But I also think that buried in these pretensions there is some notion that has come of age in 2008 and 2009 during the financial crisis, and maybe China does have a better model, a better way of doing things. I think its efforts to expand broadly are sort of calculations to protect itself at home, because the world is no longer one in which the China could move in autarchy. So it sees its own national interest as a begging broader and global protection and thus the project like One Belt One Road and myriad other ways with which the Chine project ist power.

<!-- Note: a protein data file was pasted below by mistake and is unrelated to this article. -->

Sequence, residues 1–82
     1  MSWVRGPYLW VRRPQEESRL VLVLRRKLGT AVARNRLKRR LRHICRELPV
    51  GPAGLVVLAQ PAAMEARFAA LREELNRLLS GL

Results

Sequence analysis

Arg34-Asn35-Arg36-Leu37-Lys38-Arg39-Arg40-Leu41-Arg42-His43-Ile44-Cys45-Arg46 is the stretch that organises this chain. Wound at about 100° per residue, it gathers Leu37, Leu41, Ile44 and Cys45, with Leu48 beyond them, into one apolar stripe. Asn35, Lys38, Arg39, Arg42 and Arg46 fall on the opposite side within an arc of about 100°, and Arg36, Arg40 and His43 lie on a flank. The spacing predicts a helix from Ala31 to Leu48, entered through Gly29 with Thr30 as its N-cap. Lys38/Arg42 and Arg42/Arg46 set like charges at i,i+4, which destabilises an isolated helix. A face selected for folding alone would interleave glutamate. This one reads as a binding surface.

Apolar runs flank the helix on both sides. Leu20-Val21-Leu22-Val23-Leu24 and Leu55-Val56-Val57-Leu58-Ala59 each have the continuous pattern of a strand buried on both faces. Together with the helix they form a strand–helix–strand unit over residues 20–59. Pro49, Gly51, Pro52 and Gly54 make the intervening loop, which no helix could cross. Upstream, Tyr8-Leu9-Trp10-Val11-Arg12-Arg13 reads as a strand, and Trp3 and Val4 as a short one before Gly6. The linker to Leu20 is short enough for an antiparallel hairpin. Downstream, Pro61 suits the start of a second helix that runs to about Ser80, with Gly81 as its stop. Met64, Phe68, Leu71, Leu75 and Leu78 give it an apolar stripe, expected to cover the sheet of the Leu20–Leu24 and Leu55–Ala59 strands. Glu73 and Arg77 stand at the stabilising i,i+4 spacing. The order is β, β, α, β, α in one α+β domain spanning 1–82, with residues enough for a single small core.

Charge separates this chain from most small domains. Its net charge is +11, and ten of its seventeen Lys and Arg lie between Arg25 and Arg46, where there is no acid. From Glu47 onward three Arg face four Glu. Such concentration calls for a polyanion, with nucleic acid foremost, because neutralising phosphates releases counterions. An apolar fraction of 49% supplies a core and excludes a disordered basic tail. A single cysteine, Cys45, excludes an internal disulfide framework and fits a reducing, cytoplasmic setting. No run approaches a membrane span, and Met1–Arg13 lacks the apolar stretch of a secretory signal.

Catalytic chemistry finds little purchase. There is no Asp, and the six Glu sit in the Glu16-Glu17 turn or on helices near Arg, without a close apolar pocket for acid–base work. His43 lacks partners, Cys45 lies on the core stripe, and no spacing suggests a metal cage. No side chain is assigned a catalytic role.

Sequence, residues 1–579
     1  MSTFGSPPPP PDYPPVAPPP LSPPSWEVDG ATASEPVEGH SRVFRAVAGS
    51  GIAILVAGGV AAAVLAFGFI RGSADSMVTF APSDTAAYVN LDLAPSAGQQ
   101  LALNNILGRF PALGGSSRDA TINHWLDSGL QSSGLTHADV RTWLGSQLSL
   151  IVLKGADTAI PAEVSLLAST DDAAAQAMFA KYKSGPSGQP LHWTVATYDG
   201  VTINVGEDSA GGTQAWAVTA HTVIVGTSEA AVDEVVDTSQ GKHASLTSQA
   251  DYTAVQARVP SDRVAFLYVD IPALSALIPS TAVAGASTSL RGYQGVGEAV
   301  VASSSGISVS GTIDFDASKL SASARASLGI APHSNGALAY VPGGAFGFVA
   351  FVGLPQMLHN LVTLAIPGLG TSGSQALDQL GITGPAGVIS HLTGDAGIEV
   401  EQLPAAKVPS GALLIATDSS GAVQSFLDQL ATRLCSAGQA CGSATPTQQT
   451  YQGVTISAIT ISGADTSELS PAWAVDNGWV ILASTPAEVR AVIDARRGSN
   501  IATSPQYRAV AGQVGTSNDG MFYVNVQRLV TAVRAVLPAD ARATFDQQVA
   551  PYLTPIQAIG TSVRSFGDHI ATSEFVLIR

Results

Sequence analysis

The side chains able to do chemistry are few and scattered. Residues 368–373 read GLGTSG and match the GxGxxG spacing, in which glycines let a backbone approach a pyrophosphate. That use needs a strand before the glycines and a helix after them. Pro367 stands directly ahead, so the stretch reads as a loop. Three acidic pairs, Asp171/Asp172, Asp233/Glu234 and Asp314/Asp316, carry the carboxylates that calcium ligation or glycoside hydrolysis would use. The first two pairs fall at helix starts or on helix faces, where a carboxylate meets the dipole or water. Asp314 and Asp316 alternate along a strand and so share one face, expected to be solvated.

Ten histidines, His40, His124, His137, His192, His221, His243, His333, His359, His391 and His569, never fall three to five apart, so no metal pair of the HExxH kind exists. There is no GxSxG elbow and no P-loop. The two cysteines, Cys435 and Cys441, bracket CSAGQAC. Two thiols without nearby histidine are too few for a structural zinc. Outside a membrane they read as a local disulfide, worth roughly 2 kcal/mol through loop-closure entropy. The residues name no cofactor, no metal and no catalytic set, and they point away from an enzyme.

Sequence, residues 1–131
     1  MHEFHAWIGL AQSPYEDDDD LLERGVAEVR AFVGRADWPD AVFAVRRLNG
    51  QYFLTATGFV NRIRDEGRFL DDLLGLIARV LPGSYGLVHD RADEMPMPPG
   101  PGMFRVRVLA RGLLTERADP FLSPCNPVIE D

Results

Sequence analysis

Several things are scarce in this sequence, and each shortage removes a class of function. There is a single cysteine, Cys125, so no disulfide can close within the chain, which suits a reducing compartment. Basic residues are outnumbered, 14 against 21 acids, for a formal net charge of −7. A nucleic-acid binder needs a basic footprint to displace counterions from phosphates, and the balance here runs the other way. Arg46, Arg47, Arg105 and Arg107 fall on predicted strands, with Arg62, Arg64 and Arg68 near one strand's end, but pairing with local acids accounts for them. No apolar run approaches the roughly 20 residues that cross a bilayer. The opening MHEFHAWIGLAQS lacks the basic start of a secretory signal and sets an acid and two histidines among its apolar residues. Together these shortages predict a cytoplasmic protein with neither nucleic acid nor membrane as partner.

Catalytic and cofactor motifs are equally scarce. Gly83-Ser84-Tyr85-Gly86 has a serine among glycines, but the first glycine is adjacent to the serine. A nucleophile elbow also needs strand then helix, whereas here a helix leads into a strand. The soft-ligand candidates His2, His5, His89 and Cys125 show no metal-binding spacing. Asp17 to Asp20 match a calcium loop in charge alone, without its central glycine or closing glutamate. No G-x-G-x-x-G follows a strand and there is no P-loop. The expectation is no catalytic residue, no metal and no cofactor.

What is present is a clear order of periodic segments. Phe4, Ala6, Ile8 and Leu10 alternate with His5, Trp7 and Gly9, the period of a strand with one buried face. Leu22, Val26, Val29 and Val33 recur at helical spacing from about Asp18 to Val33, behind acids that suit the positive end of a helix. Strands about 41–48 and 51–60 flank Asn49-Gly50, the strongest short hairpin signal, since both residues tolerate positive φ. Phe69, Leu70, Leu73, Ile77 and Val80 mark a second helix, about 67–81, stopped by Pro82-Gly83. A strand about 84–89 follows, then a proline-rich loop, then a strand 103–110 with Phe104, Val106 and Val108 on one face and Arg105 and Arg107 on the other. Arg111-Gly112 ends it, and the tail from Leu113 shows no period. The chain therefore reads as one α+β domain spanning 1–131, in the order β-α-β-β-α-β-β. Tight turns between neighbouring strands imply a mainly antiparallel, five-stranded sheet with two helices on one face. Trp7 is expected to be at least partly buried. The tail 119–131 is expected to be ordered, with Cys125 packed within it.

What did Schell mean by this? That Chinese nationalism, militarism, the economic and trade expansion, which in Africa reached the threshold of a new colonialism, are the protective layers for what may in fact lie more profound in the body of China; some kind of embryo of a new China model, that we may not know about, but that might surprise us?
I wish Orville Schell the best. I appreciate his remarkable work when he was a reporter, professor and also managing a complex institution like Asia Society. His Task force keenly observed that, for the first time, both aisles of Congress are united in pushing back China. I shared with him the fear that the prevailing instinct for herding in America will not bring us better times.